On January 19, the United States Court of Appeals for the Federal Circuit affirmed the U.S. Trademark Trial and Appeal Board’s (“TTAB”) refusal to register The University of South Carolina’s (“South Carolina”) interlocking “SC” logo in connection with apparel. The Federal Circuit agreed with the TTAB that there was a likelihood of confusion between South Carolina’s logo and the “SC” interlocking logo used by the University of Southern California (“Southern California”) that had previously been registered in connection with apparel and other products. See Univ. of South Carolina v. Univ. of Southern California, No. 2009-1064, 2010 U.S. App. LEXIS 1001 (Fed. Cir. Jan. 19, 2010) (nonprecedential opinion).

The Federal Circuit employed the multifactor “likelihood of confusion” inquiry that is common in trademark infringement cases. With respect to the first two factors – similarity of marks and similarity of goods – South Carolina did not dispute that the parties’ marks were legally identical and would appear on the same classes of goods. See id. at *5.

Regarding the third factor – whether the parties’ products are sold in the same trade channels – the Federal Circuit agreed with the TTAB that this factor weighed in favor of a likelihood of confusion, due to Southern California’s registration covering “university authorized” trade channels, which the TTAB broadly interpreted to encompass “any trade channels which are or could be authorized” by Southern California. See id. at *7-8.

The next “likelihood of confusion” factor that South Carolina challenged was “conditions of purchase.” South Carolina argued that the TTAB had concluded incorrectly that new fans and casual fans, as well as consumers purchasing the parties’ goods as gifts, were susceptible to confusion due to the inexpensive nature of the goods. In this respect, the Federal Circuit agreed with South Carolina and held that the TTAB’s conclusion was based on speculation and not supported by substantial evidence. However, the Federal Circuit also held that this was harmless error, and that “even if the Board erred in its finding that certain consumers were unsophisticated, this error would not require reversal” due to the other factors supporting a likelihood of confusion. See id. at *9-10.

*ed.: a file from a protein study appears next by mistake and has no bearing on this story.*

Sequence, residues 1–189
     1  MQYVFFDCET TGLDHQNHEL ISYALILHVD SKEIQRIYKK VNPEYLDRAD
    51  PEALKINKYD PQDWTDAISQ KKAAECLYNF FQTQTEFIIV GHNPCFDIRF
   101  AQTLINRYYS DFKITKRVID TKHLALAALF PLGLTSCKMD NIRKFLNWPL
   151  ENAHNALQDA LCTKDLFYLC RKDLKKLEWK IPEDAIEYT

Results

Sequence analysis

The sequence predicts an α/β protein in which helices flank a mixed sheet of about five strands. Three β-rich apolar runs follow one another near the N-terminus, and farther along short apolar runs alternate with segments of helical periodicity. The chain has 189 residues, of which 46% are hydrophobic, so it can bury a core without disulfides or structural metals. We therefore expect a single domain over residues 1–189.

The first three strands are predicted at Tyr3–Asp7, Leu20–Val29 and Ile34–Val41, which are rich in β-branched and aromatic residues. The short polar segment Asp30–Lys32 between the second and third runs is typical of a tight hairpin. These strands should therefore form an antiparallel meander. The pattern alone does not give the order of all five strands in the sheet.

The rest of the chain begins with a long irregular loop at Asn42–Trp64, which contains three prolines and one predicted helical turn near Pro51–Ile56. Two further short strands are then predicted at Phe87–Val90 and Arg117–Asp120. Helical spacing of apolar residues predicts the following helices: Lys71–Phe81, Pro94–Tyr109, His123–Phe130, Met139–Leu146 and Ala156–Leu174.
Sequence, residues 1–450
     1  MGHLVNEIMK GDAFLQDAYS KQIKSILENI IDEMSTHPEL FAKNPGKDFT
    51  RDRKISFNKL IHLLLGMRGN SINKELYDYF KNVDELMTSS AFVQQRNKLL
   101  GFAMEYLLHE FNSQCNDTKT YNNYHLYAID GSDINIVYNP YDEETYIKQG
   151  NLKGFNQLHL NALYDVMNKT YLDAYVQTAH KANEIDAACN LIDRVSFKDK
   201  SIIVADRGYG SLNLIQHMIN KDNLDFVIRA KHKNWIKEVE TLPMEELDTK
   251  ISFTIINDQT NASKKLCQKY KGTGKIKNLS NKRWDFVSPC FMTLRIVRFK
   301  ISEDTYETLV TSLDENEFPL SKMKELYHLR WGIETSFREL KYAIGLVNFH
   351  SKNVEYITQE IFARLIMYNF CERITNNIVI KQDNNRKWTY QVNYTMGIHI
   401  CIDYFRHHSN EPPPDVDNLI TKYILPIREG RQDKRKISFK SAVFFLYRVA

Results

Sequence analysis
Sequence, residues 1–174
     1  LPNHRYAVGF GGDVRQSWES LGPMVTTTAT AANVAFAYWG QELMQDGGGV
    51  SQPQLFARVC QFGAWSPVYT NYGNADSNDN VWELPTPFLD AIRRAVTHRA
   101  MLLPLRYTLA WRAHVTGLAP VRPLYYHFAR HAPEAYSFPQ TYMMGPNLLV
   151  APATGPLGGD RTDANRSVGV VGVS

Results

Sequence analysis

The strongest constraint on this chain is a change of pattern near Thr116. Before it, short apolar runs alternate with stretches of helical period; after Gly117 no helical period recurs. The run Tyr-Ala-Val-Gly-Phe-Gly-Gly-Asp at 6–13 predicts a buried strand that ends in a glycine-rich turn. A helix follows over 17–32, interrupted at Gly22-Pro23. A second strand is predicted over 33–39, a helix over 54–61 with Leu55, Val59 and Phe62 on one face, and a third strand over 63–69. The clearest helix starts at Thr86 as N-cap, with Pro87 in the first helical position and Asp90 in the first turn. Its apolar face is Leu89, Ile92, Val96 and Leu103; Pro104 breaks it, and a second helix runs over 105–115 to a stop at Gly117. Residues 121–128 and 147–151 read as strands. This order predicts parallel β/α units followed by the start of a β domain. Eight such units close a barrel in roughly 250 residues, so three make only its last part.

South Carolina also challenged the TTAB’s conclusion that the length of time during which the parties had used concurrently their marks without evidence of actual confusion weighed only slightly in South Carolina’s favor. The Federal Circuit agreed with the TTAB that this factor should be accorded little weight due to the schools being on opposite sides of the country and in different athletic conferences, and thus “there had not been any significant opportunity for actual confusion to have occurred.” See id. at *11.

The Federal Circuit also affirmed the TTAB’s grant of summary judgment against South Carolina in connection with South Carolina’s counterclaim to cancel Southern California’s trademark registrations, finding that South Carolina could not show a genuine issue for trial regarding whether the “SC” initials “point uniquely” to the State of South Carolina. Id. at *16-17. The court noted the evidence showing that “SC” refers to many entities, including at least sixteen other universities and colleges. Accordingly, South Carolina could not show a genuine issue on whether the initials uniquely point to the State.

Trojan fans rejoice! The decision leaves USC as the sole rightsholder to the interlocking “SC” and its use in connection with apparel, sends the University of South Carolina branding experts back to the drawing board, and creates a collector’s item for those who possess Gamecocks apparel with the interlocking South Carolina “SC.”